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Wednesday, May 4, 2016

Council suggests hiring freeze

Tuesday, December 7, 2004

When considering who to buy gifts for this holiday season, local residents may want to add Clay County to their lists.

Assigned the task of paring down the 2005 budget by $600,000, members of the Clay County Council seemed bewildered Monday evening as they weighed their streamlining options.

Joining the discussion of Council President Warren Stevenson and Council members Rita Rothrock, Mark Dierdorf, Larry Moss, Warren Stevenson, Michael McCullough, John Price and Les Harding were Auditor Joseph Dierdorf, First Deputy Auditor Mary Jo Alumbaugh and Clay County Commissioners David Parr, Daryl Andrews and Buddy Knox.

Unsure of the legality of forbidding elected county officials to hire new employees, the Council decided to send letters strongly urging against adding new positions or filling newly vacant openings. While the Council plans to take a closer look at budget reduction tactics in preparation for its January meeting, Alumbaugh stressed the importance of increasing miscellanous income, saying that the county does accept charitable donations.

"Miscellaneous income hasn't grown with the rate of inflation," she said. "We've taken a hit on everything, and CAGIT (County Adjusted Gross Income Tax) is staying the same."

With interest rates so low, there is less to invest, Parr said. "The more Clay County tries to grow, the harder it's going to be."

"We don't get our share," Alumbaugh continued, referring to lost excise tax from pickup truck license plates, and urged the group to get in touch with state legislators. "We pay someone else's excise tax. That would make a tremendous impact."

Because excise tax is not levied on pickup trucks, rural county leaders often feel their county is not getting its fair share of tax revenue.

"No budgets are fluffed up or frivolous," said Joseph Dierdorf, who has already informed his staff future layoffs are a possibility.

Cuts may have to be made across the board in every office. McCullough said that while it is a shame the county wasn't notified it had overbudgeted until long after the 2005 budget was approved, it would be incredibly unfair to move forward with hiring new employees only to be forced to let them go after a short time. The decision to advise against new hires could encompass positions like that of Emergency Management Coordinator Gerri Husband, who announced her resignation at the Monday meeting of the Commissioners with the recommendation her husband Bryan be considered as a replacement.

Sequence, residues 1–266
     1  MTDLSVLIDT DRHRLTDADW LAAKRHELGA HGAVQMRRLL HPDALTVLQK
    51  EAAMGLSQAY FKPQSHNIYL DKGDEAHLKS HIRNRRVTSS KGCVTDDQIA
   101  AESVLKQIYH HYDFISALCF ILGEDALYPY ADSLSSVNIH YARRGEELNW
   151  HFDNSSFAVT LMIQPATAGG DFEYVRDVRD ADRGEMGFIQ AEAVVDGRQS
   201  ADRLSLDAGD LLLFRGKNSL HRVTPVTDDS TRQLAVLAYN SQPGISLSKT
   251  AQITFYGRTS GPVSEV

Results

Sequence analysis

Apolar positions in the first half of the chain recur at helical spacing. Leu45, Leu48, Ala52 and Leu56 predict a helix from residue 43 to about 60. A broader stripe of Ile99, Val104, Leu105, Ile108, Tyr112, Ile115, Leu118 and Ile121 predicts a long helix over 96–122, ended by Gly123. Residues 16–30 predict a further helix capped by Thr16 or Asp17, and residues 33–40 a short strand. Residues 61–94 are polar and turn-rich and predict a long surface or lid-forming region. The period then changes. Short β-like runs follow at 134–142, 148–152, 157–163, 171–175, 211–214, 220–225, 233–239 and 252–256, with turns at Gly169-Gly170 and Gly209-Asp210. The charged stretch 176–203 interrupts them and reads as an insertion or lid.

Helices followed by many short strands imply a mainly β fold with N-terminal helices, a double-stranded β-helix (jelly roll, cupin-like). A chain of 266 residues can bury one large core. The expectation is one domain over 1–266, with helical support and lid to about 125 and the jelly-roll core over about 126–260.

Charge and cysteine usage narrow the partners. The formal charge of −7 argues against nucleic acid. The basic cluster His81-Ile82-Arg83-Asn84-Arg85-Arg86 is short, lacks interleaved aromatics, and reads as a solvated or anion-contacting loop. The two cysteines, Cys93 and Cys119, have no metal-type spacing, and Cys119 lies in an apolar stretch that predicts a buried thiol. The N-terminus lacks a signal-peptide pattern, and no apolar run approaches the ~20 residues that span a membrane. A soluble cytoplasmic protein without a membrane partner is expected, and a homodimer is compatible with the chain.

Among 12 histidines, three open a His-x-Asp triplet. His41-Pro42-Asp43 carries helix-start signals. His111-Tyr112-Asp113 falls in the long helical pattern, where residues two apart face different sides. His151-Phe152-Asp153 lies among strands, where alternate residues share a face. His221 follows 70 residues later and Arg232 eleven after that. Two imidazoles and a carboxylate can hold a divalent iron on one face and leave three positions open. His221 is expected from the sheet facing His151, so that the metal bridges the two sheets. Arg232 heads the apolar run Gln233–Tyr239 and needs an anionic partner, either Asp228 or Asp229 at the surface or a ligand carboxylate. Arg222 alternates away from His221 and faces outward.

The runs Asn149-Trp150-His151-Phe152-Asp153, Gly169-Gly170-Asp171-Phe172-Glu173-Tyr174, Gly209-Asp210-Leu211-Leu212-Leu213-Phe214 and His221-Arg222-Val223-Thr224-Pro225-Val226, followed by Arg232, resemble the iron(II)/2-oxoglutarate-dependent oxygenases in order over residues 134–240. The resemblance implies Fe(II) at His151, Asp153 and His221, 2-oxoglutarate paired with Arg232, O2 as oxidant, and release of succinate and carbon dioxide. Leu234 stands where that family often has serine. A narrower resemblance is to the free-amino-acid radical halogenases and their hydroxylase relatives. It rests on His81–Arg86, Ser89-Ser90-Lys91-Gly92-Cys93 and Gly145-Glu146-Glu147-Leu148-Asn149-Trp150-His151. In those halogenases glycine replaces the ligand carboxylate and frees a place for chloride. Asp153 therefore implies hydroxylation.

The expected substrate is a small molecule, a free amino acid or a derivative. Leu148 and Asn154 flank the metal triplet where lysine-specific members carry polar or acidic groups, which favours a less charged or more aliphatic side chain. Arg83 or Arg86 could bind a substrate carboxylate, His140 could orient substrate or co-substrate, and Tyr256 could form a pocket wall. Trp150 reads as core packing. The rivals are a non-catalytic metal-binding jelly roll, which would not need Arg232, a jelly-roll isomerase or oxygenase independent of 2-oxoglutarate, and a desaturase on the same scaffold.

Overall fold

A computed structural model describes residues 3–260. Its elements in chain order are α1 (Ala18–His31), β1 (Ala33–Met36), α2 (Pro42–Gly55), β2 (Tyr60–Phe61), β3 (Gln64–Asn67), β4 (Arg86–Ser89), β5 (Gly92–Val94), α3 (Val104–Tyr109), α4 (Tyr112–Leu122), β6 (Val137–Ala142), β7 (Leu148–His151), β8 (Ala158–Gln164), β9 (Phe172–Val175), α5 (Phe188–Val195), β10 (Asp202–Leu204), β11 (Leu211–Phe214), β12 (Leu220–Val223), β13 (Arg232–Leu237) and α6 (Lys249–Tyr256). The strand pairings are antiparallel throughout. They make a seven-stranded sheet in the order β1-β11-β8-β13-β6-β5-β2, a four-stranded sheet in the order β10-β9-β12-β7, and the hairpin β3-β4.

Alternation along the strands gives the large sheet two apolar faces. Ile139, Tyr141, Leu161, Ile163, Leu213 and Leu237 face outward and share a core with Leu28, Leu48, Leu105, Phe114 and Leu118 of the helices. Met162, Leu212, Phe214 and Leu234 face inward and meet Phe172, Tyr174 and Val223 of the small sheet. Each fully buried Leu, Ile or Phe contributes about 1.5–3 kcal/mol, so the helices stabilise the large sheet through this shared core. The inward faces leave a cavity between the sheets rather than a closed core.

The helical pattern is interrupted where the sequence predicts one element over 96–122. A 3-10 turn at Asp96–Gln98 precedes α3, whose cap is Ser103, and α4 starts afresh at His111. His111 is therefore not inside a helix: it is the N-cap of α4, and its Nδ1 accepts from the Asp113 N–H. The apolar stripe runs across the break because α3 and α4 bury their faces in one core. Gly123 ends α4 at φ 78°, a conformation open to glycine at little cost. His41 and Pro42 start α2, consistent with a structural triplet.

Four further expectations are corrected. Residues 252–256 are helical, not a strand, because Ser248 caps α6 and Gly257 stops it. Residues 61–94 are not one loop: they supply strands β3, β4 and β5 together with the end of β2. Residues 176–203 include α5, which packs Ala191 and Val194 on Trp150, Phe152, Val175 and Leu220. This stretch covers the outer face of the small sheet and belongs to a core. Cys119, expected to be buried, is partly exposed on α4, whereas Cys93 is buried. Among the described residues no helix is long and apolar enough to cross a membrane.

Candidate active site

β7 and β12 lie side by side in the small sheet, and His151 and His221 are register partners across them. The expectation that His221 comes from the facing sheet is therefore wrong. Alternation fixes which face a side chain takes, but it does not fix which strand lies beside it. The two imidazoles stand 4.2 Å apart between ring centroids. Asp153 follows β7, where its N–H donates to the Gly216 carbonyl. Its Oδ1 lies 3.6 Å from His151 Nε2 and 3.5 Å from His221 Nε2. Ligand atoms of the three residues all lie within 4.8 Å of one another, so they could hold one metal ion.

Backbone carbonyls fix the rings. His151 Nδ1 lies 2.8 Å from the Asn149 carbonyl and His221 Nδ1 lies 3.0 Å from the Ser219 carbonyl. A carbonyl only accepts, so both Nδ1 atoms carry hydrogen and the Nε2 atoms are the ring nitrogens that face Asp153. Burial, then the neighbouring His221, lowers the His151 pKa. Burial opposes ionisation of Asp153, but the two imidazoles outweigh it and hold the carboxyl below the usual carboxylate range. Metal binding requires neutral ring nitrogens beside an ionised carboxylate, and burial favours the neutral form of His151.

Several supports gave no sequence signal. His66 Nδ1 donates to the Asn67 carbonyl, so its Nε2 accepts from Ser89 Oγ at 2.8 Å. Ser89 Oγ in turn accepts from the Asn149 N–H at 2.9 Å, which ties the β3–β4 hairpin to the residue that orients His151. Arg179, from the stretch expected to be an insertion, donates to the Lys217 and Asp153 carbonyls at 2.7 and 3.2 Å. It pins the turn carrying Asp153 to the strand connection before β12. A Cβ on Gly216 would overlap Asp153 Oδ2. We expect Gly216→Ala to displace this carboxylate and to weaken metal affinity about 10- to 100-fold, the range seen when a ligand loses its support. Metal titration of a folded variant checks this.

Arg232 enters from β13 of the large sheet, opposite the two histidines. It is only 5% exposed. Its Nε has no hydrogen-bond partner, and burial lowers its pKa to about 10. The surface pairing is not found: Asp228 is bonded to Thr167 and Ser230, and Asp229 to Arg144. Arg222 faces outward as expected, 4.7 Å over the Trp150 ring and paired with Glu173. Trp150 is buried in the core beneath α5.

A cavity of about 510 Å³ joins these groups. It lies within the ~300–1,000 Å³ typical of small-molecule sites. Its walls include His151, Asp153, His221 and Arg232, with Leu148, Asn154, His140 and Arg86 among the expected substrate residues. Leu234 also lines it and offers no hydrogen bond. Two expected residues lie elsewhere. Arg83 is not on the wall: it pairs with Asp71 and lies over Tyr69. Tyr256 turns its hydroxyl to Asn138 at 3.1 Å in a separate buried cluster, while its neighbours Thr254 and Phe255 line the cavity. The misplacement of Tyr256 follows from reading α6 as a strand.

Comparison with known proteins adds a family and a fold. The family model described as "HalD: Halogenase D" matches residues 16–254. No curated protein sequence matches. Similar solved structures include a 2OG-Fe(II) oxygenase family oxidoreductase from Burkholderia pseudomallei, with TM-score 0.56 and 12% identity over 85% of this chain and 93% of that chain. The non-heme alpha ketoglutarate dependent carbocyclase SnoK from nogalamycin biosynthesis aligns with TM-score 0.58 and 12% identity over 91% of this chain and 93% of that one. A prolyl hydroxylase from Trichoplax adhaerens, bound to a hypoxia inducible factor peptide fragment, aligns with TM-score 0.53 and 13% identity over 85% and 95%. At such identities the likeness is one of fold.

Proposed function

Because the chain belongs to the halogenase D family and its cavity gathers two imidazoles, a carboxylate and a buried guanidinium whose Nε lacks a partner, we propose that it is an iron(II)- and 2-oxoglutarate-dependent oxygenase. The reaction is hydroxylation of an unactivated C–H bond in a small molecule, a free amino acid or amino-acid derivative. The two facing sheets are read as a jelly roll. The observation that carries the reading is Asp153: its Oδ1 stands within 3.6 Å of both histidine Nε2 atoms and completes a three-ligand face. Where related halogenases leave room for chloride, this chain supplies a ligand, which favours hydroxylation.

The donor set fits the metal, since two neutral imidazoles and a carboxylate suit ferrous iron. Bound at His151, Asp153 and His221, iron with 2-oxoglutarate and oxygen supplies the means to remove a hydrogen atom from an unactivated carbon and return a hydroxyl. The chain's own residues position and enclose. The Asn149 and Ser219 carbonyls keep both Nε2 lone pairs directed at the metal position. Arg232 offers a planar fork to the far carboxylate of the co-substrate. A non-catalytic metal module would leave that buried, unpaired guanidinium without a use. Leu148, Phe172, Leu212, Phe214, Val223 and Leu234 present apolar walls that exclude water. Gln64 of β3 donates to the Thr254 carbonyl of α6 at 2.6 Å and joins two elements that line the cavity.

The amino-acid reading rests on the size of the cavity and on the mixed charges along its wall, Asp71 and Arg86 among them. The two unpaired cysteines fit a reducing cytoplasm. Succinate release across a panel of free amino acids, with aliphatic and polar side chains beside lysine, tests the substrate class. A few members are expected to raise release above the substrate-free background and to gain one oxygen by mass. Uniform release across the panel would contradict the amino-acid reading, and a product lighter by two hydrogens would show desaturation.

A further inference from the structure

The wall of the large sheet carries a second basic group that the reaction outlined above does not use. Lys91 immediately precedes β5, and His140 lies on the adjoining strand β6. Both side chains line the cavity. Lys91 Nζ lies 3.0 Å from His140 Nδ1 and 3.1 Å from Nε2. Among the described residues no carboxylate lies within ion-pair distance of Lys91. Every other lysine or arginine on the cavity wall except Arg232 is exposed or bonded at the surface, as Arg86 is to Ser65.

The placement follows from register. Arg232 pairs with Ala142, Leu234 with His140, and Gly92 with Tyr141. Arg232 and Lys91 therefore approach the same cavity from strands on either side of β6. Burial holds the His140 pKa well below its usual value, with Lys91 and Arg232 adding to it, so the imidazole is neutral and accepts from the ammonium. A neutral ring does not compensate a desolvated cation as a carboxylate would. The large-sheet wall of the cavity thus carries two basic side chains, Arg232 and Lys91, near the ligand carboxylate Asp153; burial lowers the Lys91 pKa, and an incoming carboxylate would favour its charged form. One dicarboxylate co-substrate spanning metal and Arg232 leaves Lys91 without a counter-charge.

Husband plans to move into a new grant-funded position later in December. The group noted the county pays only part of her salary -- half comes from federal funding -- and Andrews pointed out Husband's efforts have produced several hundred thousand dollars in grant monies for county needs.

The Council also discussed the benefits of a property reassessment, particularly of training a local person for the job. No new funds would come to the area, but that strategy would enable lowering taxes.

While property owners who believe they've been overassessed can appeal the assessment, there are others whose property is underassessed, Moss said. But the problem is really at the state level, McCullough added.

"Small towns are suffering all over the state," Alumbaugh said. "We are not unique."

While some taxpayers might look to the new jail as a significant source of budget strain, the Council explained, its funding is actually coming from the CAGIT tax increase of a quarter of a percent.

The county has planned to gradually increase the jail staff in preparation for the new building's projected September completion, but some Council members question the number of personnel and note the importance of additions to the Clay County Sheriff's Dept. as methamphetamine problems persist in the area.

But Harding said, "We want to be very careful about taking too many bites out of the jail. I would hesitate very strongly in cutting what we've been building up to. And the sheriff's deputies -- that's a whole different ballgame."

If members of the Council cannot determine areas to cut in time, the Dept. of Local and Government Finance (DLGF) will do it for them. And it will remove funds as easily as possible, Alumbaugh said, most likely from the Commissioners.

"Bottom line-somebody's going to take it out," Joseph Dierdorf said.

Meanwhile, an app-roved appropriation of $60,000 for the Community Extension Office initially baffled some Council members.

Alumbaugh explained the money for the building was figured into the 2004 budget.

"If you're gonna do it, you better do it now, because you won't have the money for it next year," she said.

The Clay County Council regularly meets at 6 p.m. the first Monday of the month at the courthouse. Meetings are open to the public.



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